Until March 28, 2019, 23 such agreements are in effect in the United States, governing peaceful nuclear cooperation with 48 countries, the International Atomic Energy Agency and Taiwan government authorities (through the American Institute in Taiwan), as described below. Under the leadership of the United States, other states have created an informal group, the Nuclear Suppliers Group (NSG), to control exports of nuclear materials, equipment and technologies.  As a result, India has remained outside the international nuclear order that has forced India to develop its own resources for each phase of the nuclear fuel cycle and electricity generation, including next-generation reactors, such as fast-boiled reactors and a thorium breeding reactor, known as the Advanced Heavy Water Reactor. Sanctions have not only led India to succeed in the development of these new reactor technologies, but they have also given India the impetus to develop its own nuclear technology, with the specific aim of achieving the self-sufficiency of all key elements for the development, experimentation and production of weapons. The Trump administration began formal negotiations for a 123-nation deal with Saudi Arabia in February 2018, although negotiations have not been completed since 2012. The negotiations are led by Energy Minister Rick Perry. Although some officials, including the Ministry of Foreign Affairs, have stated that the Government of Saudi Arabia is pressing to commit to waiting for nuclear fuel capacity and to adopt the IAEA Additional Protocol, reports suggest that Saudi Arabia has opposed these restrictions. Fears of nuclear cooperation with Saudi Arabia grew after Saudi Crown Prince Mohammed bin Salman said last year that Saudi Arabia would develop nuclear weapons if Iran did, and after the assassination of Washington Post columnist Jamal Khashoggi in October 2018. On 22 July 2008, the UPA faced its first vote of confidence in the Lok Sabha, after the Communist Party of India (Marxist) withdrew its support for India, which moved closer to the IAEA for Indo-US. Nuclear deal. The UPA won the confidence vote by 275 votes out of 256 votes of the opposition (10 members abstained) to win a victory of 19 votes.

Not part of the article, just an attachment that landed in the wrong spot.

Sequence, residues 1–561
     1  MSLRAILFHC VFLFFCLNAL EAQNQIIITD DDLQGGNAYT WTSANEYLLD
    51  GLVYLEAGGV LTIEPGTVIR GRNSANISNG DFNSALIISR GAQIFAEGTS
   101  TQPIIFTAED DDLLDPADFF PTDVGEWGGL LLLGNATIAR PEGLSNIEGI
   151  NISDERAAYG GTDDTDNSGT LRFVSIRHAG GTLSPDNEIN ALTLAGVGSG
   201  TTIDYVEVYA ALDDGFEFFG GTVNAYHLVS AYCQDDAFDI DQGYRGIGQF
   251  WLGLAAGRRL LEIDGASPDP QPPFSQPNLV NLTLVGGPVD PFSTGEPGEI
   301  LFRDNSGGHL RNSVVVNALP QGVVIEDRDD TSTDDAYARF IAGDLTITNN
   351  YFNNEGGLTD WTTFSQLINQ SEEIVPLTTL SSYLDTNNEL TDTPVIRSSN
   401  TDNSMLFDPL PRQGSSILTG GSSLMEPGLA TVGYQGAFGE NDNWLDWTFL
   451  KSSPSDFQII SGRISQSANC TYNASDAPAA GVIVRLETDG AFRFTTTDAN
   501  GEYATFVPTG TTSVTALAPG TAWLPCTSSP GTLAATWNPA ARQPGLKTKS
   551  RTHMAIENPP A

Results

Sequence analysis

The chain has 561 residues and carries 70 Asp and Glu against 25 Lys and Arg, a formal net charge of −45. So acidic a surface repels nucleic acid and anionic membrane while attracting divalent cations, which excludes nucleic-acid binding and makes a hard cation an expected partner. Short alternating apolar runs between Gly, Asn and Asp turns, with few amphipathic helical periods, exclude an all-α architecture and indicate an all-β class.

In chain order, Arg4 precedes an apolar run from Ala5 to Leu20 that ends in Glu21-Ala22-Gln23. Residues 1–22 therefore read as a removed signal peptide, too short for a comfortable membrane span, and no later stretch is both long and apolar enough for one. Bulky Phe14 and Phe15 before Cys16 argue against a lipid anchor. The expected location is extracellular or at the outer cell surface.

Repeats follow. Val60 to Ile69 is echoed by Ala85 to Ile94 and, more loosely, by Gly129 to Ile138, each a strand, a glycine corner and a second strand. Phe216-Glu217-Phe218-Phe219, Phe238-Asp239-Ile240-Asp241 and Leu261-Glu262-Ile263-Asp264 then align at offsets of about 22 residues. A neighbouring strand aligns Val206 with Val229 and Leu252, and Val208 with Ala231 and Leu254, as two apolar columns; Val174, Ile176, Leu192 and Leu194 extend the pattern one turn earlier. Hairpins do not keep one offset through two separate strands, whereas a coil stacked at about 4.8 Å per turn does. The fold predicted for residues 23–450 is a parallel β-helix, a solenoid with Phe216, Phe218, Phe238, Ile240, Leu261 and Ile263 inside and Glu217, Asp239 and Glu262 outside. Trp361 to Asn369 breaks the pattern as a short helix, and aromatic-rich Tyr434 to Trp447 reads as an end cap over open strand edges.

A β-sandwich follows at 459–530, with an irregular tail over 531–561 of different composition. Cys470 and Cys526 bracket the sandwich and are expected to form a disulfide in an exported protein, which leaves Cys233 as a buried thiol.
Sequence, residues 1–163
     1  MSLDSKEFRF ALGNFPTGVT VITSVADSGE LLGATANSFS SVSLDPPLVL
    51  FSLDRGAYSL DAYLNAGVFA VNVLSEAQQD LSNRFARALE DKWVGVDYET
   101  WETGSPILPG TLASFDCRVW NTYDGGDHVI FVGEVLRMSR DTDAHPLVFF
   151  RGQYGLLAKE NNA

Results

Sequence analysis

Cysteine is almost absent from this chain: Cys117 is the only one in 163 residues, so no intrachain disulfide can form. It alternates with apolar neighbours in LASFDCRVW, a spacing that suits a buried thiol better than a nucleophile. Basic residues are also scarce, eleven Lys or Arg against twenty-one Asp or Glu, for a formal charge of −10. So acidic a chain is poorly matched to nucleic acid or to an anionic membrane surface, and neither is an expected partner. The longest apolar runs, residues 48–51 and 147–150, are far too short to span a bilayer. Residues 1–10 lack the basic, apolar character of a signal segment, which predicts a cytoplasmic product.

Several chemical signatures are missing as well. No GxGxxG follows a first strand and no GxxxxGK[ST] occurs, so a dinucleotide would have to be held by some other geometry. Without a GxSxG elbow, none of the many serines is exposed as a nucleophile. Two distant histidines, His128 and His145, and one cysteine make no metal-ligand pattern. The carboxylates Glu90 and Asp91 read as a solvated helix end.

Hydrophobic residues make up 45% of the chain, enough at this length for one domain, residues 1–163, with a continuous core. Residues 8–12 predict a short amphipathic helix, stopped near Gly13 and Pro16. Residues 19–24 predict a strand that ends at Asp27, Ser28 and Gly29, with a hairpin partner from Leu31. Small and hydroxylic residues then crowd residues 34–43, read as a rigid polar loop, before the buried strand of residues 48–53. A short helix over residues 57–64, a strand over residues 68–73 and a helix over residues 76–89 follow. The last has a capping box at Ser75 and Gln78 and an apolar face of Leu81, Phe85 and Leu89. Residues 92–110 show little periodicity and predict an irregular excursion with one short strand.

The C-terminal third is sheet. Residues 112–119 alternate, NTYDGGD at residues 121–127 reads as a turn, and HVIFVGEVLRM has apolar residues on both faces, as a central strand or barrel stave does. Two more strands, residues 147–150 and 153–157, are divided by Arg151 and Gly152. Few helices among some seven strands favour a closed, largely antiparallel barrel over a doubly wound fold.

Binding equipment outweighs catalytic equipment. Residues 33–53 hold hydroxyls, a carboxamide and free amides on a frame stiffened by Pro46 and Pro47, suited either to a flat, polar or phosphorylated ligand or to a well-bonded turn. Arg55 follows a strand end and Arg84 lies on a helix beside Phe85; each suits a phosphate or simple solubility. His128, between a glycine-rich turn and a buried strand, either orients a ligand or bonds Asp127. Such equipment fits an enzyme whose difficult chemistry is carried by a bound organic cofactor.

October 4, 2008: The White House announces that President Bush will sign the Indo-US Nuclear Agreement Act on October 8 in law. Currently, the Atomic Energy Act of 1954 (42 U.S.C.